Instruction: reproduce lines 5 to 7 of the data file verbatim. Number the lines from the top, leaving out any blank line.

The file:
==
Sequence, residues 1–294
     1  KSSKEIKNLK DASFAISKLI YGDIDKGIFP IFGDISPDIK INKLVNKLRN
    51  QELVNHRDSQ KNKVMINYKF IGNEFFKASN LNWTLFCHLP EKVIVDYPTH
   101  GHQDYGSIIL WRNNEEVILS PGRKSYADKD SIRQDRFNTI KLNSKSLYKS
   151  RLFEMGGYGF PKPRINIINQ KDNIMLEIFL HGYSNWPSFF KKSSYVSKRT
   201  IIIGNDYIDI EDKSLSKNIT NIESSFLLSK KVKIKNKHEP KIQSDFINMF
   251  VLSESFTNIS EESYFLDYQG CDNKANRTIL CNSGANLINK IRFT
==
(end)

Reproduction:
   151  RLFEMGGYGF PKPRINIINQ KDNIMLEIFL HGYSNWPSFF KKSSYVSKRT
   201  IIIGNDYIDI EDKSLSKNIT NIESSFLLSK KVKIKNKHEP KIQSDFINMF
   251  VLSESFTNIS EESYFLDYQG CDNKANRTIL CNSGANLINK IRFT